Jason Lomberg, North American Editor, PSD
Every design must invariably go through a testing phase, which makes Test & Measurement a universal industry concern. It also makes T&M an extremely diverse topic, and the September “Special Report” series covers a wide array of subjects, including digital PWM control technology, high-power test equipment for electric vehicle battery packs, power rail probes, oscilloscope probes, accurate power measurement, and battery diagnosis.
We begin with a topic familiar to all PSD readers -- accurate power measurement (the key to energy efficiency). Without it, and since power is such a pervasive issue, no product can reach market (or advance from conception to any semblance of reality).
“An engineer’s power measurement needs can vary or evolve across the development cycle. For example, isolated tests of individual components in early development stages may only need waveform analysis at limited accuracy,” says Yokogawa’s Anoop Gangadharan.
“But when a multicomponent system needs to be tested the system has to be looked at as a whole, calling for sophisticated multichannel, multi-parameter measurements.”
Pacific Power Source delves into digital PWM control technology which, in turn, has enabled higher efficiencies and smaller packaging of power electronics. This new “digital domain control architecture” offers several unique features and functions with programmable power source designs that are smaller and lighter than their predecessors.
Meanwhile, Adaptive Power Systems’ Herman van Eijkelenburg discusses using high-power test equipment to increase the battery capacity of electric vehicles while also improving electric drive train efficiencies.
“Forecasts on future sales of all electric vehicles are pointing to a growing need for large battery packs,” notes van Eijkelenburg. “These batteries must be carefully designed and thoroughly tested to meet customer expectations for driving range, durability and above all, safety. Without the right tools and equipment, testing of these batteries will be inadequate to meet these goals.”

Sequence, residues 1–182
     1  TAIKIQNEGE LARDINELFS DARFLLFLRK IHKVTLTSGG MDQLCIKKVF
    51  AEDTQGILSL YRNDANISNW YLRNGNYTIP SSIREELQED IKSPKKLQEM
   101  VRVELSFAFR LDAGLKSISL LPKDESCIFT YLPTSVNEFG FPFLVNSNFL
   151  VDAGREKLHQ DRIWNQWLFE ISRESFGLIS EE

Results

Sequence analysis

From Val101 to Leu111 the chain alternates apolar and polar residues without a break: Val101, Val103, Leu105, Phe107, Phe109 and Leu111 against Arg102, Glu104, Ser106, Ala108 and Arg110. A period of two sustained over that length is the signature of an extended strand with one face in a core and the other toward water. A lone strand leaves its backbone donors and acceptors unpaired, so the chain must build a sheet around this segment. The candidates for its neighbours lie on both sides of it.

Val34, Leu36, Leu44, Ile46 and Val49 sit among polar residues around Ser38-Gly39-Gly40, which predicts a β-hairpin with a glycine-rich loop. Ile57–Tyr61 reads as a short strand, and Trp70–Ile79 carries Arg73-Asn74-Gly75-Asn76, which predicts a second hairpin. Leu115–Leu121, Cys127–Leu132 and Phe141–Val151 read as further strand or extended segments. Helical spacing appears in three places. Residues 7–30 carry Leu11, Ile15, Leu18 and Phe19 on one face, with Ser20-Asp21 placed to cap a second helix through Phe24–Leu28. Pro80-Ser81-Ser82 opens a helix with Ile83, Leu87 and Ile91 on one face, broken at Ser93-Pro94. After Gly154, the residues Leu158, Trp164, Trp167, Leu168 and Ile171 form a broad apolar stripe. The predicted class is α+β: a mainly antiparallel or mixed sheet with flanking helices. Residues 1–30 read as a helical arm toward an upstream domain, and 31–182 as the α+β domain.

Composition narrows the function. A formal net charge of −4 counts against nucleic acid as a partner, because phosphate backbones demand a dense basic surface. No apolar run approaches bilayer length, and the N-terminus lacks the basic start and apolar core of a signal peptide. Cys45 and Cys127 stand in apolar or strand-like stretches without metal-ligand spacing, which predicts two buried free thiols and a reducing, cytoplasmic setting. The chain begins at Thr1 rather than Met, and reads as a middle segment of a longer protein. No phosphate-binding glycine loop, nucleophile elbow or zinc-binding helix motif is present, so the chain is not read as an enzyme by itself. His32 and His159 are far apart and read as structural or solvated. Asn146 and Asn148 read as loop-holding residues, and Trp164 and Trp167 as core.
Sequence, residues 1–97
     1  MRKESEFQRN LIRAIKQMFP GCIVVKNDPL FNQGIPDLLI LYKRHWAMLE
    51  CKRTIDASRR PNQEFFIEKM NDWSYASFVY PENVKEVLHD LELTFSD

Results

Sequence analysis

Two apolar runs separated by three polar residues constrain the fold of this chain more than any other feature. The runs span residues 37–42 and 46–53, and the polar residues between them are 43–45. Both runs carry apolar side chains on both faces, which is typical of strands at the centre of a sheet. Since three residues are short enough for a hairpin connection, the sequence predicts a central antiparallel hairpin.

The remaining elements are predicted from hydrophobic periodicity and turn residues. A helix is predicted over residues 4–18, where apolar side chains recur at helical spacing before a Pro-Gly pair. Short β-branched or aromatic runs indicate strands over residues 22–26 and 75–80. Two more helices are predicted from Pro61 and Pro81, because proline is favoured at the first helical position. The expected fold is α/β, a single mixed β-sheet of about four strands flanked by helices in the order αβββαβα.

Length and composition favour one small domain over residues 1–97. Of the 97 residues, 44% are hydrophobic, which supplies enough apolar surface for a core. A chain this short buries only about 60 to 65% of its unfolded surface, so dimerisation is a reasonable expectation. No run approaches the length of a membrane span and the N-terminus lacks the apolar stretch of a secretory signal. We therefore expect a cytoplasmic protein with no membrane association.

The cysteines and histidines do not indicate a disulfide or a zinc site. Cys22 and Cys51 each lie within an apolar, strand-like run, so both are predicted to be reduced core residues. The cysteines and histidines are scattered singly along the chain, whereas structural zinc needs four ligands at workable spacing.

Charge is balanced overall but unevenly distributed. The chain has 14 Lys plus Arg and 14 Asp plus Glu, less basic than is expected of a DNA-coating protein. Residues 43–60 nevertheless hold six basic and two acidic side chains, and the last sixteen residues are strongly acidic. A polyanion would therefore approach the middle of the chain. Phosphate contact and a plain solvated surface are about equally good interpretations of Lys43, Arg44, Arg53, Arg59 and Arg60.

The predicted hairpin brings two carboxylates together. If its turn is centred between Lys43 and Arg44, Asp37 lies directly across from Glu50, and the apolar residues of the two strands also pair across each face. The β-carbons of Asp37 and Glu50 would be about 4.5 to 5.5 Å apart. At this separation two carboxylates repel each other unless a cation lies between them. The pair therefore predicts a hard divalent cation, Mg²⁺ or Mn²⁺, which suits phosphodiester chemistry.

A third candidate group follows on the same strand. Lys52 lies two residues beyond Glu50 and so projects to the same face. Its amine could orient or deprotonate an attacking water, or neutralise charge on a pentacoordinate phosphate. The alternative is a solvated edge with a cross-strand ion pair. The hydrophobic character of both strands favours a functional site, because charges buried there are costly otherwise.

Sticking with batteries, Andreas Mangler, Olfa Kanoun, and Thomas Günther detail a new procedure from Chemnitz University of Technology for diagnosing the state of health (SoH) and the remaining useful life (RUL) of Li-ion batteries. “The battery’s state of health has a direct effect on the capacity of the overall system,” the authors point out. “In safety-relevant applications, such as backup systems or mobile medical applications, it is essential to know that the battery will supply the required energy when it is actually needed.”
Joel Woodward, with Rohde & Schwarz, describes the advantages of power rail probes over traditional oscilloscope solutions for power integrity measurements. Normal oscilloscopes are hindered by measurement noise (exacerbated by the probe, which adds additional noise to the measurement), and as Woodward points out, “The higher the attenuation of the probe, the more noise.”
“All probes contribute to a dramatic increase in overall measurement noise, except for power rail probes,” he says.
On the other hand, oscilloscope probes can be useful for voltage and timing measurements (including jitter and noise measurements), and in “Probing Tips for High-Performance, Low-Power Circuits,” Tektronix's Andy Heltborg notes that “while connecting to the low-power device under test might be possible with a coaxial cable, many systems require an oscilloscope probe to acquire the signals.”
Enjoy our September issue, and be sure to check out more design tips for Test & Measurement (and other topics) on www.powersystemsdesign.com